Canberra Contemporary Art Space is a secluded little gallery in Ainslie’s Gorman Arts Centre. The walls smell like they’ve just been freshly painted, and as the name suggests, what’s hanging on them is pretty brand new too.
Last week, the gallery launched its final display for the year with three exhibitions by Derek O’Connor, Dionisia Salas and Shoeb Ahmad. While they work in completely different media, all three artists play with layering and re-layering, building densely textured works that reward you for getting up close and personal with them in this intimate gallery setting.
Derek O’Connor has painted straight over the hardback covers of old Time magazine books in his exhibition At Home He’s a Tourist. The book covers are black and white, but he’s covered them in dynamic bolts of abstract colour and they’re grouped in a kaleidoscope array. The best ones are satisfyingly heavy on texture, with big swooping brushstrokes that do what your high school art teacher would call “showing the artist’s hand”. My favourite pieces are a couple in the corner, where O’Connor tips a wink to the idea of ‘oil’ paint with an effect that looks as if he’s captured a shimmering rainbow petrol slick on a black road.
Shoeb Ahmad’s work broken-binary-brown is a video installation in a tiny black-box room. Unexpectedly, it’s mounted on the floor. Ahmad is a trans femme and the work explores the shifting flux of gender identity with fields of soft colour that shift, intersect and contrast slowly. Ahmad is making waves as a musician, and the soundscape of faint singing voices and twisting harmonies pulls you into the trance-like effect of the visuals. It’s worth the five minutes to find a stool in the darkness and let the work carry you along.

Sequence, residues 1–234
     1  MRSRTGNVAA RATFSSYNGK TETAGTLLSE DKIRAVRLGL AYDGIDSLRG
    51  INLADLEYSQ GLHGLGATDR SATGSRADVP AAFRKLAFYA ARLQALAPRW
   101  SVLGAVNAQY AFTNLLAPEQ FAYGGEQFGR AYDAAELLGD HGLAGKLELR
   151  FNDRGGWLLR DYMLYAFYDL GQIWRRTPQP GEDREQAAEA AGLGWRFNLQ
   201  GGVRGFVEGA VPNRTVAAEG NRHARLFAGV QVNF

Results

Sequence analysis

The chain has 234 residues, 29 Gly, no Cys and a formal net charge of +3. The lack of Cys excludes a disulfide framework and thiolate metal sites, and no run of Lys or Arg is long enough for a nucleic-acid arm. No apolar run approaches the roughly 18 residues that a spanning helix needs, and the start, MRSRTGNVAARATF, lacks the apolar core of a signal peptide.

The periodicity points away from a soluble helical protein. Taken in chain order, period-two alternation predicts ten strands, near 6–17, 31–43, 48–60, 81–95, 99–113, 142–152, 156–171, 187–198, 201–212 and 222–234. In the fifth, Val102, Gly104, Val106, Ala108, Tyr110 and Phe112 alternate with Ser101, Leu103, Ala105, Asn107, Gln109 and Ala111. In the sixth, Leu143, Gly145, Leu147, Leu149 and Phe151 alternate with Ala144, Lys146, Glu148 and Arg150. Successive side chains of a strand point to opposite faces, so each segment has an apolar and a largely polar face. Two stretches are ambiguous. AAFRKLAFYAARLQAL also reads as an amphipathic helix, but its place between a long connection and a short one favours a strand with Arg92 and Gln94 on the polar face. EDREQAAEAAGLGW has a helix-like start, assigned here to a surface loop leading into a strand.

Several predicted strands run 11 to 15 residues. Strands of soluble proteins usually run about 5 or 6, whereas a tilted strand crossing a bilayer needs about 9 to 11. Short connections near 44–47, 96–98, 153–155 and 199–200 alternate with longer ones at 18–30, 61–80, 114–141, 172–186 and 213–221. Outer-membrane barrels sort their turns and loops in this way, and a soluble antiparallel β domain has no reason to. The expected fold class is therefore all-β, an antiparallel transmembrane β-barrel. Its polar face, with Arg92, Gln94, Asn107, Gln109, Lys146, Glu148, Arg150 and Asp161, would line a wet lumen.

I realllllllllly like Dionisia Salas’ exhibition Domino Gold. She’s layered organic silkscreen printing over bright patterns that you’d usually see by themselves, like marbling and a 90s RGB dot matrix. The mixture of patterns and mediums makes her pieces such fun to disentangle, trying to spot which parts are painted over one another, and where she has delicately cut and pasted to make an intricate collage. I leaned closer to these works than you’d probably be allowed to in a gallery with movement sensors. Then I came back and did it again.
Canberra Contemporary Art Space is showing these exhibitions until 10 February 2018. The gallery is open 11am to 5pm Tuesday to Saturday, but will be closed from 17 December 2017 to 15 January 2018. Entry is free, but we recommend that once you’ve had your fill of art, you go find a glass of wine across at Mint Garden Bar and discuss rarefied things. See more here.